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Refuge for Fugitives

History does not repeat itself, even if it sometimes rhymes. But, as the president calls for 15,000 new ICE and border patrol agents to bolster an already hypertrophic deportation machine, it is worth pausing to reflect on an earlier moment of fugitivity and federal power, of crisis and resistance: the years following the passage of the Fugitive Slave Law of 1850.

The resistance had its roots decades earlier, when a despised and subordinated minority—northern free blacks—inspired the enduringly unpopular interracial social movement called abolitionism. That movement formed a periodic, conflict-ridden coalition with a much larger group of whites who opposed the extension of slavery but did not seek its abolition. The radicals drove the non-radicals steadily forward in defense of fugitive slaves, defying both federal law and the warnings of the major political parties. In some places, such as Boston, that defense and the federal reaction to it were so fierce that it gave birth to a new politics of race, slavery, and freedom.

That history is over. It cannot directly shape how a resistance movement behaves today. But an account of its roots, complexities, and achievements may suggest how radicals can shift the field of political play and debate in their direction, pursuing their goals while persuading the persuadable. At the very least, it is one of the United States’ great freedom songs. It may do us good to learn the words.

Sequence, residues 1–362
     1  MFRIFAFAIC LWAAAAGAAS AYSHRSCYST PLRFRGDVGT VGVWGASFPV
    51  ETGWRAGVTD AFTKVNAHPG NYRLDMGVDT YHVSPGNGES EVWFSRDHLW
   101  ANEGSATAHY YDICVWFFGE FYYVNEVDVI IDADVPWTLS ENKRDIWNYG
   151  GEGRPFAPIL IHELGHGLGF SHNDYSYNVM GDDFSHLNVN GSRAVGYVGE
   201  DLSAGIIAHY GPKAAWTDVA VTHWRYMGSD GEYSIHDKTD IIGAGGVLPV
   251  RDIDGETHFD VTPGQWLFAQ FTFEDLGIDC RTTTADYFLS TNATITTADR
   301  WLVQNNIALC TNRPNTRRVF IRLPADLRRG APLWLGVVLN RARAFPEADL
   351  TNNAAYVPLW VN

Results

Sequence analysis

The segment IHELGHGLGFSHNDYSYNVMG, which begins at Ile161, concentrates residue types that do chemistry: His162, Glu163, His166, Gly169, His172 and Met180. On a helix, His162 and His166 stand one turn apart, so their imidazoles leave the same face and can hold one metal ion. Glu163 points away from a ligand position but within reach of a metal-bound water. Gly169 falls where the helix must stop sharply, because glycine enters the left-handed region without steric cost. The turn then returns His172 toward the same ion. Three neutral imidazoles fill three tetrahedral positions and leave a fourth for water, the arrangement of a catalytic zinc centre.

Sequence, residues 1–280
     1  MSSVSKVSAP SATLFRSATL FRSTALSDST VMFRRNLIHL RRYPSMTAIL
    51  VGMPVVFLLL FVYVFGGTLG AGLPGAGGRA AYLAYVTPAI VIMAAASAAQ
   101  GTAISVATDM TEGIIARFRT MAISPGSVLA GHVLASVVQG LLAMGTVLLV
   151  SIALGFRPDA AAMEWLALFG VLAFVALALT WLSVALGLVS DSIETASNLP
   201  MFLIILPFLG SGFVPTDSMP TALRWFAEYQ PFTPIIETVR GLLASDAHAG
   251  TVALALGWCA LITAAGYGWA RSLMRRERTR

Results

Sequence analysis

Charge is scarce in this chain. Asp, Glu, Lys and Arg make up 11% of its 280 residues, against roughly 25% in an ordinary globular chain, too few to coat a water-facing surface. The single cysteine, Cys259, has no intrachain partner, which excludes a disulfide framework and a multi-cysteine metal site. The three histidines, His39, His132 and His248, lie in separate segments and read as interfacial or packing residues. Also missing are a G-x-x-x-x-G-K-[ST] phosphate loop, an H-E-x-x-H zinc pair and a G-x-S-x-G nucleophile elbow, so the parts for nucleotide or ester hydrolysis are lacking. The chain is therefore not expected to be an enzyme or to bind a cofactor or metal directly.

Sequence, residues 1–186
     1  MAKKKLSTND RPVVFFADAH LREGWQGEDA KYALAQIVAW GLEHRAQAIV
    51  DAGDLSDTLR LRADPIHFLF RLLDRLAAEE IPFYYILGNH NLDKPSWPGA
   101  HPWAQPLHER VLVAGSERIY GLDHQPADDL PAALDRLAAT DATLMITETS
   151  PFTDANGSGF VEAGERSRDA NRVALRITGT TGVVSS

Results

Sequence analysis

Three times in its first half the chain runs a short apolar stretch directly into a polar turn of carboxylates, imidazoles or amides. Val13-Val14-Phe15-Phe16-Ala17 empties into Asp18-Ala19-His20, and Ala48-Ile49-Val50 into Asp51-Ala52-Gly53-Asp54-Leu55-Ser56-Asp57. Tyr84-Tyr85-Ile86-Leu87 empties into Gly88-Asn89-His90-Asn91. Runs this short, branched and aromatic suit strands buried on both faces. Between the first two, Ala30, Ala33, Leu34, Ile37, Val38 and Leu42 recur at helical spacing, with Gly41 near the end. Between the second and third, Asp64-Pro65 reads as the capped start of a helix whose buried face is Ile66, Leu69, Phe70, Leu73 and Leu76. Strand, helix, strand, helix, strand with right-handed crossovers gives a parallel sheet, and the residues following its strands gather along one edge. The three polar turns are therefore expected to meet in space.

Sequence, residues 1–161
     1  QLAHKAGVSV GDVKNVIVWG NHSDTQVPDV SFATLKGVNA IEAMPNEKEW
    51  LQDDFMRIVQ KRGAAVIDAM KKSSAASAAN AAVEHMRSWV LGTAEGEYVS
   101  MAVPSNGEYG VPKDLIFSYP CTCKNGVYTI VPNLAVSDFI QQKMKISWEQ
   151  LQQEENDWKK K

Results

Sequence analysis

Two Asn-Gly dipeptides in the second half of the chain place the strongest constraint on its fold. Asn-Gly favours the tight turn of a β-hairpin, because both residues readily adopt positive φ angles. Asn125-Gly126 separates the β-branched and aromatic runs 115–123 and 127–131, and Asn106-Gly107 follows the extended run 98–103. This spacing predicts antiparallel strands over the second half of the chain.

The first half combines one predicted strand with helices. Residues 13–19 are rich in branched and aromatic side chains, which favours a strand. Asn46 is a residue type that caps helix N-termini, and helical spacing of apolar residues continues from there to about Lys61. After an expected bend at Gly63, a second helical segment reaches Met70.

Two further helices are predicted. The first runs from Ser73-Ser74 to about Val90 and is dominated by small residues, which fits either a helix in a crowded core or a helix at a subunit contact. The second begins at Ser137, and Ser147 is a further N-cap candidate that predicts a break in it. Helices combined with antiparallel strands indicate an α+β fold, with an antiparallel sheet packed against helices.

The struggle of the 1850s began in and drew its animating energy from African Americans’ analysis of their own circumstances. Slavery hung a shadow over the lives of free black people, even in places where slavery had long been legally abolished, such as Massachusetts. There, African Americans possessed nearly every formal right on the same basis as the “free white persons” legally eligible for immigration and naturalization. But African Americans commonly experienced northern freedom as mocking, hostile, and violent. For the fugitive slave Frederick Douglass, liberty in Massachusetts included a constant, oppressive awareness of being perceived as an inferior. “Prejudice against color is stronger north than south,” he declared; “it hangs around my neck like a heavy weight. . . . I have met it at every step the three years I have been out of southern slavery.” Even in Massachusetts, African Americans were barred from nearly every avenue of economic or educational advancement. Railroad companies segregated black passengers in Jim Crow cars, a policy their conductors enforced with violence. State officials ejected free blacks from official processions, and ruffians chased them from Boston Common. The foremost form of popular entertainment, the minstrel show, mocked their appearance and aspirations. No wonder northern black activists bleakly called themselves “the nominally free,” or “the two-thirds free.” One African American newspaper was entitled the Aliened American.

In this sense, the free black people of the mid-nineteenth century prefigured the struggles of later generations of what historian Mae Ngai calls “alien citizens.” Ngai’s analysis reveals how the U.S. citizenship of native-born Americans of Chinese, Mexican, Japanese, and Muslim background has in practice been limited or nullified by what many consider to be their unalterable foreignness. The radical black activists of a century and a half ago well understood that their compatriots regarded them mainly through the prism of their racial association with slaves. So it has been since, for Chinese Americans figured as unassimilable aliens, Japanese Americans assailed as members of an enemy race, Mexican Americans dubbed “illegals” and rapists, and Muslim Americans branded terrorists. Even those formally vested with citizenship cannot escape the gravitational drag of their racialized association with a dangerous and foreign otherness. Even the mildest formulation of alien citizenship tells the tale: “Right, but where are you really from?”...

Read entire article at Boston Review